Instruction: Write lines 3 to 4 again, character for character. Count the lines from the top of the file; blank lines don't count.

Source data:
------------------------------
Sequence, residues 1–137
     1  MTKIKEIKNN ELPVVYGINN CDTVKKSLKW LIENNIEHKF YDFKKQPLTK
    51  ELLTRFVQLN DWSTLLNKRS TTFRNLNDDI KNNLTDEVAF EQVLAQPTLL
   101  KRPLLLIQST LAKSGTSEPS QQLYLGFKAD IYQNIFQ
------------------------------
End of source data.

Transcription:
    51  ELLTRFVQLN DWSTLLNKRS TTFRNLNDDI KNNLTDEVAF EQVLAQPTLL
   101  KRPLLLIQST LAKSGTSEPS QQLYLGFKAD IYQNIFQ